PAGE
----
Text Size

Search Articles

More By This Author

More From This Category

Article Information


By Trish Patrick in All Sorts

work for a living wage would be life enhancing for all spciety

Defining the word 'work' seemed a reasonable starting point for this article, but on looking up my trusty Oxford Dictionary I discovered several columns of very fine print covering every possible aspect of 'work'. Perhaps the most general meaning of the word for my purposes is...'Expenditure of energy, striving, application of effort to some purpose.' It is something we all do be it paid or unpaid. From prehistory to the present day, in large part, the survival of humanity has relied on people expending energy and applying effort to find food, shelter, warmth and safety, the basic requirements of life. Down through the ages, as humanity organised into communities, work has incrementally become organised and ultimately (mostly in the western world) industrialised, and more recently globalized. There is no way in an article of this size can I begin to describe the complexities, significance, consequences good bad and neutral of elements mentioned in the previous sentence.
Suffice it to say the global economy is driven by the work of humanity in the form of paid employment or unpaid and slave labour. Sitting behind that sentence is an amalgam of blood sweat and tears, success, fulfilment, and abject poverty.
Whether we like it or not work, both paid and unpaid, defines us to a greater or a lesser degree. Often one of the first questions we have for someone is 'what do you do?' then probably subconsciously make a value judgement about that person. As a society we have a hierarchy of value around types of work and the types of talent we prize. This is reflected in the remuneration package, and consequently the social class assigned. People in lower value work and possessing lesser value talents often find themselves at a huge fiscal and social disadvantage.
(Therein lies another equally important topic for a later article).
Obviously I'm speaking in generalities, but that doesn't invalidate the facts. As an Industrial Chaplain, for twenty five years I was privileged to work alongside people in the trades, food industry, finance, heavy industry, engineering, sheltered workshops, intellectually disabled, health, clergy, justice, city/town councils, education, and research. My work also included being alongside people who had been made redundant, often because of workplace closures. This aspect of my experience brought into sharp focus the sometimes catastrophic results of people losing a major source of their identity and life support, the dignity of work afforded them. The loss of work for any reason has huge and ongoing consequences for the individual, the family, and society regardless of the type of work lost. However, the lowest paid are usually the most vulnerable to bad outcomes.
What does the 'dignity of work' really mean. For some of us it’s hard to imagine there being a lot of dignity in some types of work like collecting garbage, doing dishes, working in a laundry, prepping food, people carers, that labour intensive work that most of us would find really challenging. Or for a parent at home with children cleaning up after them (and their partners no doubt), unpaid of course.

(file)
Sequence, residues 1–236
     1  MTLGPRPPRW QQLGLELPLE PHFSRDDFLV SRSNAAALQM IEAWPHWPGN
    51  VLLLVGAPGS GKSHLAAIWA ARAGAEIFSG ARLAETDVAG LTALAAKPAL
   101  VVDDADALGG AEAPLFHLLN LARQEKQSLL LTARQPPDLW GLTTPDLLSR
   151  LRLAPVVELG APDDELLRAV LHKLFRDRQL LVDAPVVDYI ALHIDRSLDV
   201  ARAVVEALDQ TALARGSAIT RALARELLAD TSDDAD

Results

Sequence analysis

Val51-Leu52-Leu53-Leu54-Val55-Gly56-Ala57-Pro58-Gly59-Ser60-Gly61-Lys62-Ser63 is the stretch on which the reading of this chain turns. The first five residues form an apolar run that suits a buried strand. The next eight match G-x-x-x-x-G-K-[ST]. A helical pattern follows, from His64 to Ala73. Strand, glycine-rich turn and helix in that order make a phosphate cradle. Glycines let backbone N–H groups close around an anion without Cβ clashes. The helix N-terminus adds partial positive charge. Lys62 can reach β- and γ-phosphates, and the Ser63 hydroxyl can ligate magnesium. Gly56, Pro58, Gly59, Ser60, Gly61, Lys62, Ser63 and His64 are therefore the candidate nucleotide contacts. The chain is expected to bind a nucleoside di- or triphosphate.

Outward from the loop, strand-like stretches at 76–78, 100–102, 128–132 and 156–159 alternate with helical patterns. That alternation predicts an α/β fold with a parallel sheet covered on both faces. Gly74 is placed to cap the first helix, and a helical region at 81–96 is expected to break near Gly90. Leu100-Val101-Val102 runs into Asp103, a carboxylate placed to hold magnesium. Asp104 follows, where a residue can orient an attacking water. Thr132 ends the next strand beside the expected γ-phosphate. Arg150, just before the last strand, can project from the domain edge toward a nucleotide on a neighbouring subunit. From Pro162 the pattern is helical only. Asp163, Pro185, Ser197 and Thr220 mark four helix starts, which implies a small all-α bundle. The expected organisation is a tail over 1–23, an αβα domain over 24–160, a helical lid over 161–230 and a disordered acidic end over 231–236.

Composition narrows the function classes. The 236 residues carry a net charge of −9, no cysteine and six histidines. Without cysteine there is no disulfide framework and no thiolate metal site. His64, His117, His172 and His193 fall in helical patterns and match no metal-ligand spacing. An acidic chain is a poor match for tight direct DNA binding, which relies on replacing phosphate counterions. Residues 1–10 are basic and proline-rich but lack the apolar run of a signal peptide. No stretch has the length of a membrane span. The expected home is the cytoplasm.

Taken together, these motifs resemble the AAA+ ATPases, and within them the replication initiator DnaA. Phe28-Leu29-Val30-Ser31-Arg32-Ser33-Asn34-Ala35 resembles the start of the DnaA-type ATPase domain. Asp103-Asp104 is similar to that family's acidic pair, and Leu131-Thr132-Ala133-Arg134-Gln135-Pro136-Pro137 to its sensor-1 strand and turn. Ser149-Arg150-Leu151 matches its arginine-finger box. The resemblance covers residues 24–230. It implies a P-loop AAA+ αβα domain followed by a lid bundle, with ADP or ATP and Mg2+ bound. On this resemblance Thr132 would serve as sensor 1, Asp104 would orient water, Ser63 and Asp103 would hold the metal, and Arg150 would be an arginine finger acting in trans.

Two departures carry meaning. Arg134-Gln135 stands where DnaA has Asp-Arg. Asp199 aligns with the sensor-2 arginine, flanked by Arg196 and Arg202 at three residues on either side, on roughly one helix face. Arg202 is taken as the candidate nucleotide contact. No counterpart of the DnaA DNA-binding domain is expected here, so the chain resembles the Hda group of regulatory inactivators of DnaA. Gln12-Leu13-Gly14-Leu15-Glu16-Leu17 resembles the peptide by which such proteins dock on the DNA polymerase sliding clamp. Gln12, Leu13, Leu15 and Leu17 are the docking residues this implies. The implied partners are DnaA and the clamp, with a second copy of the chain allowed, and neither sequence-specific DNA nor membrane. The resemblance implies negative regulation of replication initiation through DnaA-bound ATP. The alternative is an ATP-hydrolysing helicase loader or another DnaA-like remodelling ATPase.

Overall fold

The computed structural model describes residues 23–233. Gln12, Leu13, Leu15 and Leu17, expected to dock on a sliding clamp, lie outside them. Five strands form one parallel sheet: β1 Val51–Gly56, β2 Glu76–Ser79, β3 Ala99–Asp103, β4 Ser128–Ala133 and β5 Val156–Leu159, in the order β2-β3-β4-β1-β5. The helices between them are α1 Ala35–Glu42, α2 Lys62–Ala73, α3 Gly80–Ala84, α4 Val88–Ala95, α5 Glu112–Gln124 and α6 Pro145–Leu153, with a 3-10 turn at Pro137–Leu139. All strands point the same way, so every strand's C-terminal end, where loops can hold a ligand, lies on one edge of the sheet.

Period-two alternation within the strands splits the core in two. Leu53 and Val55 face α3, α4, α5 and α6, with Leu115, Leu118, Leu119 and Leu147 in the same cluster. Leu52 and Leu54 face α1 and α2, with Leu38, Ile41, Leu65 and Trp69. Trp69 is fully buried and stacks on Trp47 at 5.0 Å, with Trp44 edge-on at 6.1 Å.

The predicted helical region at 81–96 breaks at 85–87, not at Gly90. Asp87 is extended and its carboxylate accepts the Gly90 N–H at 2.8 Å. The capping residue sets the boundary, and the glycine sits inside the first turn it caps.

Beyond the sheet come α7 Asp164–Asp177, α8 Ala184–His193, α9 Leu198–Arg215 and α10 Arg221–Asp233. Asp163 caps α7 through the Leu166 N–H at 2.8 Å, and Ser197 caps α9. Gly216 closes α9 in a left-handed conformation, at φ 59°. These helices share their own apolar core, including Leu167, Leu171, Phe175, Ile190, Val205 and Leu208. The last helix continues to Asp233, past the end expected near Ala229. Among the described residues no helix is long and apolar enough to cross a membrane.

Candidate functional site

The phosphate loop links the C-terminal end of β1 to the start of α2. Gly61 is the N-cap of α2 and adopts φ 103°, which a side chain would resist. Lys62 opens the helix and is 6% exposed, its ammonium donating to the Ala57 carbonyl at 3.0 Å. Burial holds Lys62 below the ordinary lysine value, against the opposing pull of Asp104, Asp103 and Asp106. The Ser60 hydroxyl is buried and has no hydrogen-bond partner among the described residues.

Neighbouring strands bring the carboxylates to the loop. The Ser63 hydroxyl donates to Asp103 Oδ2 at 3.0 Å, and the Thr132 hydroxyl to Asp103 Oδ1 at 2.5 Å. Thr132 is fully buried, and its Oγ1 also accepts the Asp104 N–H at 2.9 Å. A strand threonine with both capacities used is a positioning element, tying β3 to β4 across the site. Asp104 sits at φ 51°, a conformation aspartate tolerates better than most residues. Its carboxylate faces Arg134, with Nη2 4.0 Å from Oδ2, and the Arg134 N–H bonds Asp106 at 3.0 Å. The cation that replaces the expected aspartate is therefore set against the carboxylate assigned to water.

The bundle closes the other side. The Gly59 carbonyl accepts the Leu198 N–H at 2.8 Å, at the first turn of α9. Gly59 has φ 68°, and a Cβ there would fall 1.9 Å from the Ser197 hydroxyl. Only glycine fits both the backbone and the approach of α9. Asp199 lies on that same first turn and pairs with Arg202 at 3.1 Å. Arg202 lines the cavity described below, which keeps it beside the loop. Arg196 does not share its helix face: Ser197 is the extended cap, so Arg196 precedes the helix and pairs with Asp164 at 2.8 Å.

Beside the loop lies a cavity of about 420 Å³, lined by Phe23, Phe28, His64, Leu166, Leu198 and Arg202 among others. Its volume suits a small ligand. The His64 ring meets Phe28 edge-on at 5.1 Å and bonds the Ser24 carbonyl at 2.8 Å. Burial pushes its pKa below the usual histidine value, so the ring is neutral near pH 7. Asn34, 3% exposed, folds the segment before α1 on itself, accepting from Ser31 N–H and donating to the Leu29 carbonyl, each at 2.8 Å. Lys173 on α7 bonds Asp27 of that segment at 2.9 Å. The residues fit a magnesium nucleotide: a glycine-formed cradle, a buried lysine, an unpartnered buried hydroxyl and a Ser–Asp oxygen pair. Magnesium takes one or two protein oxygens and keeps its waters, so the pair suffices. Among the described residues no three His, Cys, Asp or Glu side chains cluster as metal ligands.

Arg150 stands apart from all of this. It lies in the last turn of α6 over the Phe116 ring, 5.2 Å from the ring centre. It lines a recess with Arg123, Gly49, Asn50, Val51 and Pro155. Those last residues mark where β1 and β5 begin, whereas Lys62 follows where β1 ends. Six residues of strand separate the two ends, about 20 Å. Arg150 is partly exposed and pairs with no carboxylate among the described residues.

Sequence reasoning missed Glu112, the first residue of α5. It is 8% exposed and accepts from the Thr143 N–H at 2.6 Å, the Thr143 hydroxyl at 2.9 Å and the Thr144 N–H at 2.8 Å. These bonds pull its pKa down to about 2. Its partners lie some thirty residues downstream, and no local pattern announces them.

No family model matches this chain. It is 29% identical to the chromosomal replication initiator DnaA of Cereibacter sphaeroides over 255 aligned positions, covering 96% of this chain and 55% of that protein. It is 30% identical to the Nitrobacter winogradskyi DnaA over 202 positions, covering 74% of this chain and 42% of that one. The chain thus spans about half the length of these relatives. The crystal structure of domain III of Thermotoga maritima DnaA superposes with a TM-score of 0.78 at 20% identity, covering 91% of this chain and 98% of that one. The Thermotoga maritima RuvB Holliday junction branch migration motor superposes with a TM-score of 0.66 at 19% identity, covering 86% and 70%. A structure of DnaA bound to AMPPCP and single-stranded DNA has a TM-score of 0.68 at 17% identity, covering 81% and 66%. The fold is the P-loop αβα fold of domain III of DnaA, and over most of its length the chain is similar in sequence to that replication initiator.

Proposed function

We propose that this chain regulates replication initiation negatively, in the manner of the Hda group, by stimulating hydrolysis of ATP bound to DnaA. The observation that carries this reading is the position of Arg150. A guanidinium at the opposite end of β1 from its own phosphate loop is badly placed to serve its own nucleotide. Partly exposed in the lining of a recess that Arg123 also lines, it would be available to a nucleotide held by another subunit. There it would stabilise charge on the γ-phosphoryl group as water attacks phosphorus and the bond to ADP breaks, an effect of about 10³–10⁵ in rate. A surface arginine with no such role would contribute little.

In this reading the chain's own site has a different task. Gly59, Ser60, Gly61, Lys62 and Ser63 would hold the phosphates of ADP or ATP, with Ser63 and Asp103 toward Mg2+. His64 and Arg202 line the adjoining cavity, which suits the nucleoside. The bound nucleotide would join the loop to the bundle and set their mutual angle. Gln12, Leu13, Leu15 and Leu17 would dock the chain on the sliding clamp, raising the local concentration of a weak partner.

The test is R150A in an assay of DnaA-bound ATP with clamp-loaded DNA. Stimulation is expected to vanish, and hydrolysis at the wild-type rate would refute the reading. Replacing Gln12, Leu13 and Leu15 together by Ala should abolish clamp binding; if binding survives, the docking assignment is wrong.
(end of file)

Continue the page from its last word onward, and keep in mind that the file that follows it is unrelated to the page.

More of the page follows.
I believe the dignity lies in the contribution made to the greater good of society. Over the previous five or six decades there has been a huge emphasis placed on the 'I' rather than the 'we', brought about in part by the rise of youth culture, the contraceptive pill, the growth of individualism and liberal economic theory and loss of a collective morality. Now, the markets are the dictators of how society is to be constructed.
We live in a consumer society where the amount of money earned is the measure of personal success and GDP considered the most important indicator of a successful economy. That's fine, but it doesn’t take into account the importance to the community of the less glamorous work carried out....the essential services! The contribution and participation toward the common good of the lowest paid worker is the foundation of any healthy society. Do the low wages of essential workers reflect how we value their contribution? They are possibly one pay packet away from financial disaster...not a good place to be.
Its hard to feel dignified when one's back is against the fiscal wall.
Lockdown brought the 'Essential workers' into sharp focus. They were the ones, mostly the lowest paid, who took risks to keep our communities functioning. Again, theirs was ESSENTIAL work.
The reluctance of employers to pay a living wage is extremely short sighted. Of course it could mean that profit margins might not be as impressive, but the downstream effects would be life enhancing for society in general. The 'common good' cannot not be a concept consigned to history.
Whether we like it or not WE are in this together. Democracy and freedom can only survive in an environment where the 'we' takes precedence over the 'I'. On the face of it this might seem a simplistic concept, but we ignore it at our peril.
Right wing political movements are born out of despairing low paid, low employment populations who are feeling left behind and unheard. Fuelling the right wing in the USA are the despairing and fear-filled low paid communities grasping at the empty promises and rhetoric of Donald Trump and his minions. Feeling unseen and unheard is demoralizing and they feel they have nothing to lose.
The Third Reich had its origins in these conditions. Have we learned nothing?

“One day our society will come to respect the sanitation workers if it is to survive, for the person who picks up our garbage is, in the final analysis as significant as the physician, for if he doesn't do his job disease is rampant.
All labour has dignity.” Rev Martin Luther King, Jr.
Trish Patrick